Imagining Faithfulness with The Lego Ninjago Movie

Michael Morgan

Ninjago hits something of a sweet spot for me. First, it’s a line of Legos, and as a child I devoted a lot of space on annual Christmas lists to Legos, so there’s a tactile nostalgia. Second, my oldest son loves the world of Lego Ninjago and has taught my youngest son to love it, and I love them. So there I sat in the theater for The Lego Ninjago Movie, expecting little more than cool visuals, a few jokes for the parents, and madcap action. Imagine my surprise when a line of dialogue at the end—“Dad, are you crying?”—felt like it was directed at me.

For the uninitiated, Ninjago City is a seaside town teeming with zany Lego people. Everything, however, is not awesome. (Spoilers ahead.) Mostly this is because there’s a four-armed warlord named Garmadon (voiced by Justin Theroux) whose army regularly raids the city. One of Ninjago’s teenagers happens to be Lloyd Garmadon (Dave Franco), the estranged son of the villain, which has made him something of a pariah in town. Lloyd lives with his mom, Koko (Olivia Munn). She loves him, but can't compensate for the wound created by his father’s indifference, a wound that the townspeople salt liberally.

Although there is adventure (Lloyd has a secret identity as one of five ninjas who protect the city from his father’s attacks), the heart of The Lego Ninjago Movie is this fractured family. Ninjago digs into the baggage and the history of Lloyd’s parents’ separation. Garmadon tells Lloyd about his mother and how he fell in love with her, revealing that Koko was also once a warrior. The two met and romanced to the clash of swords and the sacking of cities. So things went until Lloyd was born and they came upon Ninjago City. Garmadon was ready to keep the war party going, but Koko’s heart for battle had been replaced with love for her son. She wanted to give Lloyd a peaceful life, and so she and Garmadon chose diverging paths. In a moment of vulnerability, Garmadon confesses to Lloyd that he should have been willing to change in order to preserve his family. It’s a stiff shot of regret taken neat.

This scene transforms the entire movie. Garmadon’s reign of havoc in Ninjago City and therefore in Lloyd’s life becomes a metaphor for a father who won’t let go of his self-focused desires. A mother and son are left with the wreckage—both emotional and literal—and an aching for reconciliation.

Ninjago depicts the beauty of fidelity—the goodness that God has in view when he commands it.

The Bible recognizes the pain of such separation, as seen in Jesus’ response to a question about divorce: “Haven’t you read,” he replied, “that at the beginning the Creator ‘made them male and female,’ and said, ‘For this reason a man will leave his father and mother and be united to his wife, and the two will become one flesh?’ So they are no longer two, but one flesh. Therefore what God has joined together, let no one separate.”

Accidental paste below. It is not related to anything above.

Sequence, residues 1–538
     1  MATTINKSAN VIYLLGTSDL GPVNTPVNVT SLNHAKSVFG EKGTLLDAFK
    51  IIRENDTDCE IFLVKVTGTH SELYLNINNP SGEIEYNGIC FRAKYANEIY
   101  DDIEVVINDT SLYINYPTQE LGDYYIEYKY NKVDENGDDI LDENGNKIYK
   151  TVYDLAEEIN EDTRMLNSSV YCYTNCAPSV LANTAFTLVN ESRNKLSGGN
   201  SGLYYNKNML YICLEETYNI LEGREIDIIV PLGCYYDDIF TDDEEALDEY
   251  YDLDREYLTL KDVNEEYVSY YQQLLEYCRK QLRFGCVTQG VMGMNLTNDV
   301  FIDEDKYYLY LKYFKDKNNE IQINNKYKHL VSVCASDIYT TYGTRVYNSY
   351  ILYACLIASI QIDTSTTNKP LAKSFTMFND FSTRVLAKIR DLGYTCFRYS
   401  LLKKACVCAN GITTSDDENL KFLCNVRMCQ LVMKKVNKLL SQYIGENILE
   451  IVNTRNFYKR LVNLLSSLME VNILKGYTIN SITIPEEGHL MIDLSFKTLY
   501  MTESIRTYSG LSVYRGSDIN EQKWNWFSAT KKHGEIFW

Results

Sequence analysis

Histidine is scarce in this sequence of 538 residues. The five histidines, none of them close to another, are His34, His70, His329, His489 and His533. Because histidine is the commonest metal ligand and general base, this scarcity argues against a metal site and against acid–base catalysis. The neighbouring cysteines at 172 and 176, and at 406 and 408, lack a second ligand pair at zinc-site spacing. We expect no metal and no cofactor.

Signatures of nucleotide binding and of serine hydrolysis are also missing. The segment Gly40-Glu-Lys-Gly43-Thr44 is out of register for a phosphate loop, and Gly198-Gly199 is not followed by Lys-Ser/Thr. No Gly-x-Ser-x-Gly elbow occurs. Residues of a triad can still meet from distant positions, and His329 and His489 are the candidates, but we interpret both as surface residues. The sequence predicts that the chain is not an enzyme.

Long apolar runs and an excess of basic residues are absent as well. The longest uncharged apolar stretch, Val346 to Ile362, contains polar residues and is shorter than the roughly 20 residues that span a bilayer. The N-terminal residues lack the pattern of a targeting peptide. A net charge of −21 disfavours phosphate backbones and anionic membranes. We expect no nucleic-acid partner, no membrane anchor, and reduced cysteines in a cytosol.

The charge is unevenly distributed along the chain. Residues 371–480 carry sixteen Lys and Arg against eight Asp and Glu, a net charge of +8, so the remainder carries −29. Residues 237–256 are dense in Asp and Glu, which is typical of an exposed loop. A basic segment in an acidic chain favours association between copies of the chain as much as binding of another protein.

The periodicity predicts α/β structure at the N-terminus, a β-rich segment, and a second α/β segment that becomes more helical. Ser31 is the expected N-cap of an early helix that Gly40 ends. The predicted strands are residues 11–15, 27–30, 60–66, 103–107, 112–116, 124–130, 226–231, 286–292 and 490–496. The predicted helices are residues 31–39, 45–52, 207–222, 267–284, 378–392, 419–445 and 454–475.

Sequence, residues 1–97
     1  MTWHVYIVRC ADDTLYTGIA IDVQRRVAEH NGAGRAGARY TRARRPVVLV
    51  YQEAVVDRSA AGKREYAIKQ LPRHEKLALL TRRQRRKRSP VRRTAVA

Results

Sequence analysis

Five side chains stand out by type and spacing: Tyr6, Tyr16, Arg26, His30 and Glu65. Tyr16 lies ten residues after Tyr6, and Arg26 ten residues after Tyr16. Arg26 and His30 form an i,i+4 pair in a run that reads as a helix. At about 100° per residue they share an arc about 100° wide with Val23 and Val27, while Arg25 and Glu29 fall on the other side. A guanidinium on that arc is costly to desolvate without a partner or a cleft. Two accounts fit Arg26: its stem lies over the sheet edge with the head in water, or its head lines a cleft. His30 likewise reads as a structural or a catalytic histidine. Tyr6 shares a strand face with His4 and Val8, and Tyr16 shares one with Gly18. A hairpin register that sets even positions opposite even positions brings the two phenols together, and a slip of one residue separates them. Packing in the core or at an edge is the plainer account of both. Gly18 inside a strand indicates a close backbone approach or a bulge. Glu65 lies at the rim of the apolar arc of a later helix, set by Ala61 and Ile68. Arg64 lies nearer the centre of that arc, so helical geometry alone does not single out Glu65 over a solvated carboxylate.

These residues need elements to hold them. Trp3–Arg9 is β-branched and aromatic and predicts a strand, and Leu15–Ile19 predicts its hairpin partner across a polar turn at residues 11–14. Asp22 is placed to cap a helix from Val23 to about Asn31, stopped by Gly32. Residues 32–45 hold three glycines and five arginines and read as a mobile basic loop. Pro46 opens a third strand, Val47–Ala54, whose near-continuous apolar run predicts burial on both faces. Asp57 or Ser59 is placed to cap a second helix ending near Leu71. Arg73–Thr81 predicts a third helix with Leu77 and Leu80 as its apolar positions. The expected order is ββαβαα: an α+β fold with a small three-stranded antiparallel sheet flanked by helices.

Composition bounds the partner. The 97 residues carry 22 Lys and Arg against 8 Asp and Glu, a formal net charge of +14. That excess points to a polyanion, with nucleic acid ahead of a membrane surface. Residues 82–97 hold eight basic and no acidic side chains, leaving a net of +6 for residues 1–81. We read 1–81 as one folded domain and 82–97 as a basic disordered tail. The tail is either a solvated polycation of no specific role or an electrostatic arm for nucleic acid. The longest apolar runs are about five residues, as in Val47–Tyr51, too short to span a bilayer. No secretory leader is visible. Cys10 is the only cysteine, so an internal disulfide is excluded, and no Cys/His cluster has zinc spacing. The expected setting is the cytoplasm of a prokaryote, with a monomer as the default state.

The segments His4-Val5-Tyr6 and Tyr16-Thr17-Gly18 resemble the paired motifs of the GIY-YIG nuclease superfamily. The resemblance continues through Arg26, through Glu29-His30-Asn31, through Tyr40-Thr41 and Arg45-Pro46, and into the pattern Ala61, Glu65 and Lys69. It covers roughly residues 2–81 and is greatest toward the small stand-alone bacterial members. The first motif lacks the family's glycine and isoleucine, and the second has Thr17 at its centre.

The reality is, families separate. It’s tempting to downplay the significance of such a separation; in fact, pockets of contemporary culture depict divorce as a natural-if-unfortunate stage of life, and maybe even a healthy one (“conscious uncoupling” comes to mind). Yet the severing of “one flesh” always leaves a wound.

The challenge for Christians, then, is to recognize the brokenness that leads to divorce, as well as the real pain that results from it. We must urge reconciliation, if at all possible, without adding to someone’s sorrow. How can we do that? Sometimes it takes imagination

On a recent episode of the Cultivated podcast, Rod Dreher suggests that the Church would do well to tell stories that capture people’s hearts with the goodness of God’s ways. Emphasis on obedience and rules too often falls on deaf or wounded ears. Imagine a church that instead teaches by describing God’s intentions for us as pathways to joy and peace and human flourishing.

Well, here’s The Lego Ninjago Movie. Ninjago depicts the beauty of fidelity—the goodness that God has in view when he commands it—by showing the chaos and sorrow that emerges in its absence. Garmadon chased the excitement of his single days, even as fatherhood called him in a new direction. The result was pain and separation. And it didn’t have to be that way. Ninjago suggests that sacrifice is an essential part of human flourishing.

Indeed, the movie makes a powerful case for sacrificial love that spills the banks of marriage and pours into relationships of all kinds. We all have dreams and relationships. Sometimes life brings us to a crossroads where they come into conflict. It could be an aging parent whose need for care threatens one’s own career or retirement. A spouse who struggles with depression. A friend who really needs someone to listen on a Friday night. We all face decisions like Garmadon and Koko, where it’s self-fulfillment or sacrificial love. Me or us.

The easy path of “me” is often devastating. The path of “us” ain’t easy either. But what if it’s good? A story that spurs this sort of imagining is nothing short of holy. It steers us toward the path of Christ, the path of pouring yourself out in love.

I did not go into The Lego Ninjago Movie ready to deal with the poison of selfishness in my own heart. I feel the sacrifices of being called to fatherhood on a daily basis. When Lloyd Garmadon tames the giant cat that swallowed his father and says, through tears, “I just need my dad,” it’s completely absurd, and yet it slays me. How many times have I made my boys feel that same way? How can I be sure to never do it again?

“Dad, are you crying?”

No. You’re crying, Lego Man. Shut up.


Topics: Movies, Culture At Large, Arts & Leisure